Wednesday, September 2, 2009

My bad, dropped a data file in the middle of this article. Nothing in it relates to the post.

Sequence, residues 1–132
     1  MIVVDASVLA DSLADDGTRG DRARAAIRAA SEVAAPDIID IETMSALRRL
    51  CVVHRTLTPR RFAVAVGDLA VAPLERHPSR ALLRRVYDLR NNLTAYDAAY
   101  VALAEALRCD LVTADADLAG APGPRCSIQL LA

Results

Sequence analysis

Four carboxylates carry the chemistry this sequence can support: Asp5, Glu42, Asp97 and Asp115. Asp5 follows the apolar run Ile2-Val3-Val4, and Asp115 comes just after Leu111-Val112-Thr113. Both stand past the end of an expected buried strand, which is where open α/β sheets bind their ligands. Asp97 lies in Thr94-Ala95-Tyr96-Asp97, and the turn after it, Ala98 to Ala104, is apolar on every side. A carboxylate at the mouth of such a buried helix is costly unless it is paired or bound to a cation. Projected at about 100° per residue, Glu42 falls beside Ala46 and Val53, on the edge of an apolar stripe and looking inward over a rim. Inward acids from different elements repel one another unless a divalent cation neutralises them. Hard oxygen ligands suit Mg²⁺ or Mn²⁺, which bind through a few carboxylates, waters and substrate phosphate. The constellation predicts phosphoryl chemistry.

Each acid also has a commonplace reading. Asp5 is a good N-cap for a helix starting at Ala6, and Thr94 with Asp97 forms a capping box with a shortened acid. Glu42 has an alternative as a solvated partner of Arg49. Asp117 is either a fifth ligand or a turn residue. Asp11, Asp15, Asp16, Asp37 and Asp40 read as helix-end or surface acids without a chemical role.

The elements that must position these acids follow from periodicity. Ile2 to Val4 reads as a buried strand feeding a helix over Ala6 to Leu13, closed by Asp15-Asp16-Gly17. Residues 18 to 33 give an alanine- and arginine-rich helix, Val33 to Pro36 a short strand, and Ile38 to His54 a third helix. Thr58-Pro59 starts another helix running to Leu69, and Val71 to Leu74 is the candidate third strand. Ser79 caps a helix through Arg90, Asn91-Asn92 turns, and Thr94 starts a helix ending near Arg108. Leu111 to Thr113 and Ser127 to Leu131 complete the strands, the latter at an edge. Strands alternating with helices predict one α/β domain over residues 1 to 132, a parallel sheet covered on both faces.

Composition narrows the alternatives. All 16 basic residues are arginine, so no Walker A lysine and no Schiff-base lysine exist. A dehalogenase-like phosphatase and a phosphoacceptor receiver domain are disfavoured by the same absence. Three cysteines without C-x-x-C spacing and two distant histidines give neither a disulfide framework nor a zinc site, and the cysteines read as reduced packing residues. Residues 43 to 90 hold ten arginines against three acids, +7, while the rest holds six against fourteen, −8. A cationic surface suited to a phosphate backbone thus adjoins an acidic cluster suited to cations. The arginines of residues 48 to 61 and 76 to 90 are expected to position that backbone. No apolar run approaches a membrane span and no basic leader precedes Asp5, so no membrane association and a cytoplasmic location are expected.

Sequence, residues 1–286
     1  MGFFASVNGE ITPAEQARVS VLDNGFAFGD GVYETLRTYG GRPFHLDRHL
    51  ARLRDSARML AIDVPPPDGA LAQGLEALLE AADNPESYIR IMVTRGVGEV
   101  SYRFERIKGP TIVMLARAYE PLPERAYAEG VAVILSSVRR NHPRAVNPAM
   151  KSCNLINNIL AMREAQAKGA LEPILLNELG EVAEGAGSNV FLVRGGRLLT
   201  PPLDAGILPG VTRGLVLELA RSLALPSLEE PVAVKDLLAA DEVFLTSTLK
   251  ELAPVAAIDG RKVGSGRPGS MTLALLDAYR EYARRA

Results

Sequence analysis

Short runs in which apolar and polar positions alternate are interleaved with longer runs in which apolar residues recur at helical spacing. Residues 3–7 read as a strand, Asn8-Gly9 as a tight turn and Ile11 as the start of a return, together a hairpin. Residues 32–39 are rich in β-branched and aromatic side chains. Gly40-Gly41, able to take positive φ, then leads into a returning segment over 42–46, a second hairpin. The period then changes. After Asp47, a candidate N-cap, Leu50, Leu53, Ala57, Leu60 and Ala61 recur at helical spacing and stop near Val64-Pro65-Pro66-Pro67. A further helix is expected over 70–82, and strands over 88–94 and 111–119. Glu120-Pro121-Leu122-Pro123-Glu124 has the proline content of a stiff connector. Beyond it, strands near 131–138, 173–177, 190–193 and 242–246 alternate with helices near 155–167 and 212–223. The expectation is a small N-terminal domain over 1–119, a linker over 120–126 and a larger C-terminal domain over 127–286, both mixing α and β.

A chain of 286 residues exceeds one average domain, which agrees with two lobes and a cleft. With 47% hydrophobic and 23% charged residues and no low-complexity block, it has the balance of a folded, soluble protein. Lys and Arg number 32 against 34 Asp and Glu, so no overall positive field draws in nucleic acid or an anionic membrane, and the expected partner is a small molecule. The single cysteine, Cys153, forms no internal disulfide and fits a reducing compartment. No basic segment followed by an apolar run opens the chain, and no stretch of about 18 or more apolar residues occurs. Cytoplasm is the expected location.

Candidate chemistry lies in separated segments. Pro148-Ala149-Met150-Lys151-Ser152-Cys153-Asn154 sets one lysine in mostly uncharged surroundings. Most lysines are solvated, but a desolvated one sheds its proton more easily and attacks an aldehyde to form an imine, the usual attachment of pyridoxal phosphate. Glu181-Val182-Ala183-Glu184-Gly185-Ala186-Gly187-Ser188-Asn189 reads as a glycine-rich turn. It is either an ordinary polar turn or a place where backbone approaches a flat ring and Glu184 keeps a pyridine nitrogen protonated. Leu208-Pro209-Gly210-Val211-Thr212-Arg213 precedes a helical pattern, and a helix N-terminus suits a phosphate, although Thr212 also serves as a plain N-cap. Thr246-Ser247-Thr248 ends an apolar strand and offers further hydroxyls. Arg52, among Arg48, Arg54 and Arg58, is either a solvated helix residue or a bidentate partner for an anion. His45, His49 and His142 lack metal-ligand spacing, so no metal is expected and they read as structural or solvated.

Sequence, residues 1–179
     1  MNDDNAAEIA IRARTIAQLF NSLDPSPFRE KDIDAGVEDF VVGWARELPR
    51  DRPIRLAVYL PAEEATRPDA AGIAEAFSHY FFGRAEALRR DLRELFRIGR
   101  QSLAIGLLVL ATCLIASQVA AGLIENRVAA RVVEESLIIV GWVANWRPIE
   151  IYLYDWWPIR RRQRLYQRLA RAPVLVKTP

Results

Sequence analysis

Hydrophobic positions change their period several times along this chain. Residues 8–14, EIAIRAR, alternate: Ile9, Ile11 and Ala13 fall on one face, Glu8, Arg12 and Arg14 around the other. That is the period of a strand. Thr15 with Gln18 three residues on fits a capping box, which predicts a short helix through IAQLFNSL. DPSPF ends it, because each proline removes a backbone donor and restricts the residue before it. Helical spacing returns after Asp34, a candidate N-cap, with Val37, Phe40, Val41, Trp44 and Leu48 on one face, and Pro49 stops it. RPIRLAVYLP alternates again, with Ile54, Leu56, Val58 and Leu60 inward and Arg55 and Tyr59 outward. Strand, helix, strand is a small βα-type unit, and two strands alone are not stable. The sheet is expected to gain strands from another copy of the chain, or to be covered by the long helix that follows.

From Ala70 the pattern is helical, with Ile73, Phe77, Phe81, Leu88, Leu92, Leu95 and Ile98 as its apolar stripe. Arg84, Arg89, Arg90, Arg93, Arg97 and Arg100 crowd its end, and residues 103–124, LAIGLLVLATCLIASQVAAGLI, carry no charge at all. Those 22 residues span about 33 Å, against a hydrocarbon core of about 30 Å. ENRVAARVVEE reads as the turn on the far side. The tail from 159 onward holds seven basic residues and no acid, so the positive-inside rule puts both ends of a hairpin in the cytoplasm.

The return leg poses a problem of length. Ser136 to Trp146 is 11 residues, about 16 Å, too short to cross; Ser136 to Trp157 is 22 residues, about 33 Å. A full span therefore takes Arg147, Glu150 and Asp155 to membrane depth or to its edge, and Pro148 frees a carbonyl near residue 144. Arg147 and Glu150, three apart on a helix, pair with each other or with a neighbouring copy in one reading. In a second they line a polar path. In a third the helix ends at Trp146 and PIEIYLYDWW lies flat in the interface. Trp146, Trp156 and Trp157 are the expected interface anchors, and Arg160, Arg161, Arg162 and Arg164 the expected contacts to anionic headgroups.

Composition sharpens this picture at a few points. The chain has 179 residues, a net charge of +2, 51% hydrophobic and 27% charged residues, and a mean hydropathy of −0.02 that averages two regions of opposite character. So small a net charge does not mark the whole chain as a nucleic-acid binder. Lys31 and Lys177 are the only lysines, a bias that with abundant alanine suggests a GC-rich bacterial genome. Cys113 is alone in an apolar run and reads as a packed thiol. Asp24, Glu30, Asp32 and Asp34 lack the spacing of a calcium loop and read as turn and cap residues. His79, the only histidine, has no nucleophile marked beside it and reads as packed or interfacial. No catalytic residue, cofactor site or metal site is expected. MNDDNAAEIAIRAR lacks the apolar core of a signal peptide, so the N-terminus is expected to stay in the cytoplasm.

Last week a few of the expat wives here asked me to go to Baligun Market with them. From what I heard, Baligun Market is the place to go to get fabric for your Nigerian outfit for Nigerian culture day the end of September. I already got some fabric last week, but I thought it would be fun to go and look at the different fabrics that were at Baligun. Later in the week last week, I told some other ladies that I was going to Baligun. Their eyes looked really wide and they gave me a ton of tips like: don't take pictures of the vendors at Baligun..they may get very angry with me and tell me I stole their soul, don't carry a purse....put your money in various pockets in your clothes, don't look at anything when the vendor sees you because she will only want you to buy, etc. So, I really was not sure what to expect. I did know that we would have to bring security with us because Baligun is on the mainland. So, yesterday was the day we went to the market. We did have a security guard ride in the car with us. Also, one of the lady's stewardesses came with us also to guide us through the market and help insure that we would not get the "Oyibo" price. When we arrived at the market, I cannot tell you how much traffic and people there were. It was jammed packed. When the other two ladies, myself and Hannah, the stewardess, got out of the car, we were very closely followed by a security guard who was armed with a machine gun!!! Yes, we shopped all day with an armed guard following us everywhere we went just in case there was trouble. I wish I could have taken pictures while we were there because I don't think I can really put into words what I all saw while I was there. The only way I can think for anyone to picture in their heads what the market looked like is to think of pictures you have seen of the slums in New York City during the turn of the century and take it even a few notches below that. The streets were full of cars and women carrying various dry goods on their heads in baskets. There were so many babies tied onto the backs of the women carrying their goods. I never saw one of the babies crying, though. I think they like the feel of being close to their mothers. There were vendors on the side of the road everywhere we went. I must have heard, "Oyibo, Oyibo, come and buy!!!" about a thousand times yesterday. The noise on the street and in the market was so loud. You could hear the horns blaring and people yelling at each other if something wasn't right. While we were walking on the side of the road a small bus almost hit myself and one of the ladies with me. It was about 1 inch from us....God must have been watching us! After getting off the main street, Hannah,guided us into the fabric market of Baligun ( Baligun has several different markets...we only went to the fabric market part...which was huge). Thank God Hannah was there to direct us where to go. There are so many shacks and little passage ways, that it would be so simple to get lost in there. I had never in my life or maybe in 5 lives seen so much fabric as I saw yesterday at the market. There had to be hundreds of different fabrics ( sold in 6 yards) in every shack and there had to be at least 500-700 shacks selling fabric!!! Needless to say, we didn't go to every vendor there. It was unbelievable. It was a seamstresses dream. The fabric was being sold for about 25 dollars U.S. So, the deals were unbelievable. I couldn't help but think that here we were in tiny passage ways in this huge market and we were being followed by a guard armed with a machine gun in his hand and no one in the market even seemed to care that much. We stayed there for about four hours, and we all found some fabric we really liked. I ended up getting some more fabric for an outfit for Elizabeth. I think going to this market and seeing all this fabric from Nigeria, Ghana, Dubai and so many other places really made me stop and think. It made me appreciate all the wonderful things I have in my life just by seeing all the people there in the market who are just hoping to get enough money to buy their dinner that night. I know when I look at where my clothes are made...I will also be thinking..where did this fabric come from???